Gem Lake is an oft overlooked destination for hikers. Snow Lake is a busy trail, which tends to dissuade serious hikers, and Gem Lake can be a long day for those less than serious. But, the escape from the crowds at Snow Lake, and the beauty of this subalpine pond make it a perfect destination. It is a mere hour drive from Seattle, making it ideal for a late start. Simply hop onto I-90 East and drive to the Alpental parking lot. From there, the hike is 10 miles round trip with about 2500 feet of elevation gain.

On the climb up to the Snow Lake saddle

With such a short drive, I often find myself returning here year after year when the mood strikes, but I don’t want to drive too far. I arrived at the trailhead and was hiking around 13:00. The trail begins with a fairly steep 200 foot climb, but then levels out to a gradual climb for the next 1.5 miles. The first mile is almost entirely in the trees, but then the vegetation begins to give way to talus slopes and clearings. Many a good views of the nearby peaks can be had from this part of the trail. At about 1.75 miles from the trailhead, the trail begins to switchback up the face of a steep valley wall. The trail also splits here, at the edge of the first major switchback, one trail heading up to Source Lake (which I’d return to later), and other heading to Snow and Gem.

First view of Snow Lake
First view of Snow Lake

As you continue your climb, the trail remains largely exposed to the sun and heat, so be ready with sunscreen or good sun clothes. About 2.5 miles and 1800 feet of elevation gain from the trailhead, you will reach the Saddle and get your first glimpses of Snow Lake, deep and blue in the pocket below. From there you have a 400 ft drop and another mile or so in to Snow Lake’s shore.

Cabin remains at Snow Lake
Cabin remains at Snow Lake

And my objective, Gem Lake, was still a ways ahead. So, I did not dally, but headed on down. Close to the bottom, you will come across what has become a maze of trails, several of which cross one of the Snow Lake inlets at several points. I chose to walk by the remains of the old cabin on my way down to the lake. All that is left are parts of the stone wall a foot or two high, the base of a fire place, and the foundation. What a place for a cabin though!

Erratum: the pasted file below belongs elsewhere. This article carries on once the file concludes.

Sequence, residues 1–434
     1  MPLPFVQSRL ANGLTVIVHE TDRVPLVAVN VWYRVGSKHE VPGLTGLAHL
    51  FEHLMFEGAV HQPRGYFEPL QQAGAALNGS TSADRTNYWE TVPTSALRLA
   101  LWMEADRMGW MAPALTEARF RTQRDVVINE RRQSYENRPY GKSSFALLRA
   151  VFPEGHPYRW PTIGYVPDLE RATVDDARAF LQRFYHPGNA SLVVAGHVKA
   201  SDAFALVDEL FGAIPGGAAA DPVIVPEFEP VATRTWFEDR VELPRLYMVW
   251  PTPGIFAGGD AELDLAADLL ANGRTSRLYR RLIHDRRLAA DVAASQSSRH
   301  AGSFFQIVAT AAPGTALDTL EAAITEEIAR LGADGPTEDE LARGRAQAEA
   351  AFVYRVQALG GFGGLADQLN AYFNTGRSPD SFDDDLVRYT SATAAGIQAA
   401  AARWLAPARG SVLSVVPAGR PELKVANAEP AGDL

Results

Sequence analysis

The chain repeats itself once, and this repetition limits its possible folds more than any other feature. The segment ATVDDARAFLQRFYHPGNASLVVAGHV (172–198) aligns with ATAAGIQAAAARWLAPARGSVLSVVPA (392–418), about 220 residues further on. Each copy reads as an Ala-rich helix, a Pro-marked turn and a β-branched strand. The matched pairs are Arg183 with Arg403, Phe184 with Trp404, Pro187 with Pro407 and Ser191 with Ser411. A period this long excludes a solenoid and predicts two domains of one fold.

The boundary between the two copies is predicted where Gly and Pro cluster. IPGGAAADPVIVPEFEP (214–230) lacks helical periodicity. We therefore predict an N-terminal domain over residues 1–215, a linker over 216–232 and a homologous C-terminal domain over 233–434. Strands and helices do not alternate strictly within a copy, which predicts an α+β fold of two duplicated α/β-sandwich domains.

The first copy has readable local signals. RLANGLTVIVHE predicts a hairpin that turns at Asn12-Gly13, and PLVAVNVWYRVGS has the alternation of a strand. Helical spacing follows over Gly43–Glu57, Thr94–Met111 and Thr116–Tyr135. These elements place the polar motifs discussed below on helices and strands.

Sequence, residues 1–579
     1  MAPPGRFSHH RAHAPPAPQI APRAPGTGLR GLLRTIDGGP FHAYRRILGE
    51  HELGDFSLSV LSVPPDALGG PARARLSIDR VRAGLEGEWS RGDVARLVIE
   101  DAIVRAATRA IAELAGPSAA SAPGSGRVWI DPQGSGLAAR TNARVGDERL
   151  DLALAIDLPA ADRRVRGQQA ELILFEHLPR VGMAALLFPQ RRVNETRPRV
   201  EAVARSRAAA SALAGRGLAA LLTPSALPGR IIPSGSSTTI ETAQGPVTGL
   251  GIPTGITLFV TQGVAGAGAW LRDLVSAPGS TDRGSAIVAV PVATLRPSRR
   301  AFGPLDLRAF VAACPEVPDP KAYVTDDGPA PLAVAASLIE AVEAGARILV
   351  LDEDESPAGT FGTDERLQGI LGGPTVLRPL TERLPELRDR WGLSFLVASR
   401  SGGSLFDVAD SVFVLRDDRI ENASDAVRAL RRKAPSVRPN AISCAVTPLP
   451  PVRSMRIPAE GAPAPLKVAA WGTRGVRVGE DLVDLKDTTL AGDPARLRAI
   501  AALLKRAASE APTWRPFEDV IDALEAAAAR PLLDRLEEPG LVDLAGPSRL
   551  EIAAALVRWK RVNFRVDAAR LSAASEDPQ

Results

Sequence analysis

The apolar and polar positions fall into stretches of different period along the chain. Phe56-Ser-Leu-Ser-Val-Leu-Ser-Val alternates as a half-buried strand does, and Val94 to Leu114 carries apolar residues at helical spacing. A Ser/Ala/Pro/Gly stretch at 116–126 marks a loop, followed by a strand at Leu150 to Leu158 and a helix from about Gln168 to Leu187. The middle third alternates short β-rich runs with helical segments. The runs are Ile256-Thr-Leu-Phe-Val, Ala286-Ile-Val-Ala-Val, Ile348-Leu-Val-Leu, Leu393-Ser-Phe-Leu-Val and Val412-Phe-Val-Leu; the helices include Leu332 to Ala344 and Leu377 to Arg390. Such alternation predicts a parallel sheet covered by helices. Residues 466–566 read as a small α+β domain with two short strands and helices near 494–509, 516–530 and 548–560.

I scrambled down a path to the shore, where I meandered for a bit before settling into a small shaded nook to eat some lunch and enjoy the scenery. Although not as busy as it sometimes is, there were still a good two dozen other hikers sharing the view with me.

View of Snow Lake from the log bridge
View of Snow Lake from the log bridge

Knowing there were even more beautiful spots along the lake, I continued along the path. From there, I had to hike back up to the main trail, and follow it as it meanders a mile or so around the lakeside. The trail climbs to bluffs above the lake, back down to a log crossing, and then begins the at times gradual, at times steep climb up to Gem Lake. Along the lake shore, perhaps my favorite spot is the log bridge with its wide view.

A small pot on the trail up to Gem Lake

As the trail climbs from Snow, you find yourself exploring many facets of the subalpine meadows surrounding it. Small pots and ponds speckle the landscape up to Gem Lake. Around each corner is a new sight, including sweeping views of the mountains to the north and east, and broad views of Snow Lake below. Around one of those turns is another, far less used, access trail up to Snow Lake from the Middle Fork Snoqualmie Valley.

A little after this intersection, the trail begins to climb again in more earnest. As you move away from Snow Lake, the subalpine meadows give way to steep slopes and talus slopes.

The money shot of Gem Lake

And finally, after one last climb, 5 miles from where you started, you pull up to Gem Lake. The area around the lake offers several spots for potential overnight campers, and the trail leads on to Wildcat Lakes. I’ve hiked a little down that trail, but not all the way to Lower Wildcat. I’ve heard a small climbers trail leads from Lower to Upper Wildcat, and the pictures I’ve seen there are beautiful. It would make for a good long day hike, or a solid overnight.

There is also a smaller less used trail that loops back around. I have not traveled down it before, but given the landscape, I think it could only go back down to Snow Lake.

Gem Lake was my turn around point. I had enough time to spend a short half hour exploring and taking shots here. On this particular day I found myself racing against the changing cloud cover to capture some good shots of the lake. By the time I’d gotten around the lake to take it, the cloud cover had already moved in and the light was less than ideal. So I continued rambling around, looking for more good shots, when the clouds parted and let the light in. I had to rush back and just captured the money shot before the clouds filled that hole again.


After a bit of rambling and a short moment of meditation, I turned around and headed back down the trail. The return trip was largely the same in reverse, until I came back around to the Source Lake trailhead. Wanting to scout this out as a potential hike for when my parents came out, I ran the short way up this trail. I climbed a good way above Source Lake without seeing a clear path down. It looked like a scramble down a boulder field to access the lake. Fine for me, but probably not something my Floridian parents would be too interested in. Maybe worth the view, but without a good place to stop and enjoy the view, probably not.



To see more photos or buy some prints or digital copies from this trip, checkout the gallery at Jon Anscher Photography.